Shef wheezed as his ripped open the letter that had appeared outside his hut. It was six in the morning, and the streets leading up to the Eiffel Tower were completely empty, except for a few stray cats and rats.
As his eyes scanned the words, he began to jump up and down, shaking the whole hut in his excitement. He had been accepted to the most prestigious cooking school in Paris, El Cocinero Muerto. Shef quickly ripped the letter in half, but not before memorizing the address.
He began packing clothes, cooking pots, and packing them into his empty cauldron. After all of his belongings were packed, Shef whistled, and a large crowd of rats scuttled up to him. Shef pointed at the cauldron, himself, and read out the address of the cooking school. Instantly, the rats crawled under the cauldron, lifted it up, and sped off. Shef screamed as the rats clutched his gangly feet and started toward the cooking school.
A couple minutes later, Shef gasped in amazement as the rats began slowing. He was staring at a large, fifteen story building, with the words El Cocinero Muerto on the lobby floor. Shef grabbed his cauldron, thanked his rat friends, and entered the building. A blast of cold air hit Shef full in the face, and he fell backwards, shivering.
After his bubbly green skin had gotten used to the air conditioning, Shef opened his eyes. An astonishing display of food lined the hallway leading to a large main room. Shef carefully analyzed each food item he passed, before finally entering the elevator in the main room. Shef stumbled to the floor as the elevator whizzed upwards. Suddenly, it stopped, and the doors opened, leading him into a medium sized room. A class was taking place there, and everybody looked up from their small kitchens as Shef entered. Most of the students were girls, but all seemed to be bald at a closer look, even the boys. One student was crying, either from her shaved head, or from cutting onions. Shef waved his four-fingered hand, one finger lost in a bean explosion.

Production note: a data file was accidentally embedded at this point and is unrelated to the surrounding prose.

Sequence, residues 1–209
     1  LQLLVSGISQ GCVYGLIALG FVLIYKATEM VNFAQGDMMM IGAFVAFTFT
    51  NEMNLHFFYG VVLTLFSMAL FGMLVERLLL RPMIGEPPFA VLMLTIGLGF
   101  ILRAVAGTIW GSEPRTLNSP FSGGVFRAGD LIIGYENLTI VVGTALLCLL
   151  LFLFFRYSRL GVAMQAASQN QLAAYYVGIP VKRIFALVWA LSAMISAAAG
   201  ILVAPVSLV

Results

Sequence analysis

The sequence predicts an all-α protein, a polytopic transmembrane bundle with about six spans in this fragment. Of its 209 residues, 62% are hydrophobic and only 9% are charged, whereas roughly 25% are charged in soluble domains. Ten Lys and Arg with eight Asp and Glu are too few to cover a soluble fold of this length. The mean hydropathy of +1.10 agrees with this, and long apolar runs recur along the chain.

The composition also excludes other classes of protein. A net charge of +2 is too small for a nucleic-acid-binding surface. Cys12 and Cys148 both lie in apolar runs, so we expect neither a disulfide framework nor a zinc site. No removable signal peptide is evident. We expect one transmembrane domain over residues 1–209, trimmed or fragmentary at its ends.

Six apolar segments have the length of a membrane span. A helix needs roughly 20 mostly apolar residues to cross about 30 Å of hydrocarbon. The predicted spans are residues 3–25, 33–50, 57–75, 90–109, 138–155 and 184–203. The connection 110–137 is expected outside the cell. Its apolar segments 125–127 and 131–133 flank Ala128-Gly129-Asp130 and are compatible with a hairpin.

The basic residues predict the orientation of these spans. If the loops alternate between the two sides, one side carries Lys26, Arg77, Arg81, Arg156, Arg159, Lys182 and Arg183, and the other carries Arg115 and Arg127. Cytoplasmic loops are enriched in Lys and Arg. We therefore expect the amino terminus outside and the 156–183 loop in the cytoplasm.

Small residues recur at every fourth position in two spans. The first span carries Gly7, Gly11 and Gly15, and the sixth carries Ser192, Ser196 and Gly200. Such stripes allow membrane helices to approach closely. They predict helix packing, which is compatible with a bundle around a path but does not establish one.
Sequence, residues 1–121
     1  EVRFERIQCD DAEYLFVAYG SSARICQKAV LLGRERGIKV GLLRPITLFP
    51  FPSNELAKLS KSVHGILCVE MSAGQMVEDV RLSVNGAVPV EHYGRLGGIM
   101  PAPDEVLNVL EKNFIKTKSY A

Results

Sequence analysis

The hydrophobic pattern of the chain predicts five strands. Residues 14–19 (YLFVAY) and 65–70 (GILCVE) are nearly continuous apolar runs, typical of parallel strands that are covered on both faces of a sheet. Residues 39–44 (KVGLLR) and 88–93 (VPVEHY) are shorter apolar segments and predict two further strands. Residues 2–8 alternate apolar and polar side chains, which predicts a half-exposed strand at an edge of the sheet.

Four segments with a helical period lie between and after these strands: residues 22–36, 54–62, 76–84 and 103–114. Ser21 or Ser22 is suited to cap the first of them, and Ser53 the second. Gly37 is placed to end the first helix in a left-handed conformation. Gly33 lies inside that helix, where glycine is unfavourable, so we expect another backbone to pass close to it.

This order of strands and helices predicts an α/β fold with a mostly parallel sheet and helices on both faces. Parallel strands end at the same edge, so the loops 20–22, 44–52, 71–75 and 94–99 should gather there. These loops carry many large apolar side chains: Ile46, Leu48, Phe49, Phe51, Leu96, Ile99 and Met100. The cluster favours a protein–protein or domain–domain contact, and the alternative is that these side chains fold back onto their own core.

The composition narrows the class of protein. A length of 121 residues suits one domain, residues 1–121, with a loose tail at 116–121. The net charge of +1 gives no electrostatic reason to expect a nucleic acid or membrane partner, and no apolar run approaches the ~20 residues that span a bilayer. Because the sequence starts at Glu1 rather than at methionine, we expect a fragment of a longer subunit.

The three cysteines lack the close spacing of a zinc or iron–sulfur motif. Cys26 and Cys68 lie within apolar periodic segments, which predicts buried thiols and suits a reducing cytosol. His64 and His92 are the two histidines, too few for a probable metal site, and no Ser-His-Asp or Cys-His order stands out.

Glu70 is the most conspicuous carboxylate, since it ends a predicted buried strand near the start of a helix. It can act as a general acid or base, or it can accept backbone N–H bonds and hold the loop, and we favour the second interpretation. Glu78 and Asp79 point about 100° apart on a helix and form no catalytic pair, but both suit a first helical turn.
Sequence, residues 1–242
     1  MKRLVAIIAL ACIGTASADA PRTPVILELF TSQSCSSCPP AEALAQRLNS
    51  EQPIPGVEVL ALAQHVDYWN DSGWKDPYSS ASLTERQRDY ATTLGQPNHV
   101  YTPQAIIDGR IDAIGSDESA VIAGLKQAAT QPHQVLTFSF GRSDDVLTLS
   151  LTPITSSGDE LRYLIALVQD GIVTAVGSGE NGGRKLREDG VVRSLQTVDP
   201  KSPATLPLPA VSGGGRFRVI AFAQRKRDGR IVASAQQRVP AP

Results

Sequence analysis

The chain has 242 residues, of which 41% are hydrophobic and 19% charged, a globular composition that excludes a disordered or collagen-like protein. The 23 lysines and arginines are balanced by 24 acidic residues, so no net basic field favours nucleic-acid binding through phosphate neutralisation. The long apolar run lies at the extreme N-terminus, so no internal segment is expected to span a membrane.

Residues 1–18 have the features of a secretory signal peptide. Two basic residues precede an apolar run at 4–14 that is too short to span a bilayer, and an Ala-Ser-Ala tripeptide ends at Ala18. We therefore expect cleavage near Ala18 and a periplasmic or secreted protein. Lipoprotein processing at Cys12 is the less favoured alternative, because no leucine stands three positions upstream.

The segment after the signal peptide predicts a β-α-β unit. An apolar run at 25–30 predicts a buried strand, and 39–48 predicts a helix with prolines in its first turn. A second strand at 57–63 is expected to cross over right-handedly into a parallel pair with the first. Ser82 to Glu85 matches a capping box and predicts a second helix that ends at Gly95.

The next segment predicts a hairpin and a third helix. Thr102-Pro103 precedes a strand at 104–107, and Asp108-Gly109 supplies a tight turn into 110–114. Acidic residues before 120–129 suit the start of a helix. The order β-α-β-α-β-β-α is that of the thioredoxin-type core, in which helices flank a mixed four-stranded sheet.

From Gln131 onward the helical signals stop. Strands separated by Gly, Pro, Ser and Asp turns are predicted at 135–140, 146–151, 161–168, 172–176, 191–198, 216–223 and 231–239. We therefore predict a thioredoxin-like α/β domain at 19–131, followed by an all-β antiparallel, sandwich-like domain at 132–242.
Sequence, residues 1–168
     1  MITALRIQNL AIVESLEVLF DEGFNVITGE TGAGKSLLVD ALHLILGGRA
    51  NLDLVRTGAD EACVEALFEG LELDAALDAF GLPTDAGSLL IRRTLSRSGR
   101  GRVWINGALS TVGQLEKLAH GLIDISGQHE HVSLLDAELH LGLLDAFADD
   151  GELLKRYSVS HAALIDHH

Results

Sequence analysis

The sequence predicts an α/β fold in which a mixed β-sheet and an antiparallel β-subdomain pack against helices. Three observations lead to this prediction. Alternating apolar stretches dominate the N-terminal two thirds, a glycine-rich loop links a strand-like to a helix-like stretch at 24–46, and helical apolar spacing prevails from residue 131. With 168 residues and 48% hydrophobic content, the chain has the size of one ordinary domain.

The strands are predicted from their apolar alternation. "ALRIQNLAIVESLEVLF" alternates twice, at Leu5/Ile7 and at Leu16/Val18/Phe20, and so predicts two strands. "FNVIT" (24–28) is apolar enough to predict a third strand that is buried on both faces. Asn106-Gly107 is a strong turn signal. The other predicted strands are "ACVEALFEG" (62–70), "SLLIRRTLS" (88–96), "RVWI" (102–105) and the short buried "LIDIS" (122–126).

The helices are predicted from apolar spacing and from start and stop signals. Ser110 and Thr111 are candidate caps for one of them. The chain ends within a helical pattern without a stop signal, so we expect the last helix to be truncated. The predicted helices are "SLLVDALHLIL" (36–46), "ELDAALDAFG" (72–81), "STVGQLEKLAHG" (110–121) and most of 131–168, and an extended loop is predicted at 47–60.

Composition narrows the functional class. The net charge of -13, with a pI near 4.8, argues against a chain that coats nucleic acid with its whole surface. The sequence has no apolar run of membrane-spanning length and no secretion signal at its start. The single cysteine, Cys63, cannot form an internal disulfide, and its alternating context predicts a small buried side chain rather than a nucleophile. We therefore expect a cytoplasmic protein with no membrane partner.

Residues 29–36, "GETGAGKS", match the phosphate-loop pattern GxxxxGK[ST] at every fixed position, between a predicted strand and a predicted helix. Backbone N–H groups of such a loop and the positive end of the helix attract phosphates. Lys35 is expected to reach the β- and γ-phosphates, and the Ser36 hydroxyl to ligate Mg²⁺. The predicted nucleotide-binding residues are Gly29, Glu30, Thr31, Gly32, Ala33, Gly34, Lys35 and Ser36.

The teacher, standing at his own kitchen workstation, looked up from his cutting board where he was dicing tomatoes. Shef recognized him as Ibn Grandosy, the most famous chef in all of Europe. Shef dropped to the floor in a bow and the class snickered. Ibn Grandosy welcomed Shef. “Class, this is Shef, your new classmate.” Mr. Grandosy pointed at a workstation in the direct center of the classroom. “You can start preparing your meal there, Shef.”
Shef cackled with delight. He scuttled over to his small kitchen and pulled out his cauldron. “Some beans and relish would make a good appetizer…” he thought out loud. Shef began mixing every ingredient from his kitchen into the cauldron, not even looking to see if it was expired or not, dancing along to a tribal Indian chant. Shef turned around and grinned at the boy with a green shirt, who was turning a little green from Shef’s cauldron’s smell.
Shef heaved the huge cauldron onto the gas stove and lit the burner. He quickly snapped on some thick plastic gloves and airtight goggles. Almost immediately, huge blasts of murky smoke began pouring out of the pot, filling the whole classroom. The carbon monoxide alarm wailed loudly, but most students collapsed to the ground from taking a single waft. Shef screamed to nobody in particular. “YOU LIKE MY BEANS?!” Mr. Grandosy hobbled over, weak from the fumes, avoiding the bodies. “T-turn i-it off!” he croaked, holding his throat. Shef turned just in time to see Mr. Grandosy fall to the ground, twitching and shrieking.
Suddenly, the fire alarms began starting up. The contents of the cauldron had caught on fire, and it had spread to the ceiling. Ripples of fire shimmied down the walls. Shef was trapped! He desperately looked for an escape route, before spotting a glass window. With a something that sounded suspiciously like “Linebacker!”, Shef ran at the window. Glass shattered as his body flew through the window and he began to fall. Too late, Shef realized he was on the fourteenth floor. He gulped and knew that even a Gourmet Chef like him couldn’t survive the hundred-foot fall. He was right.
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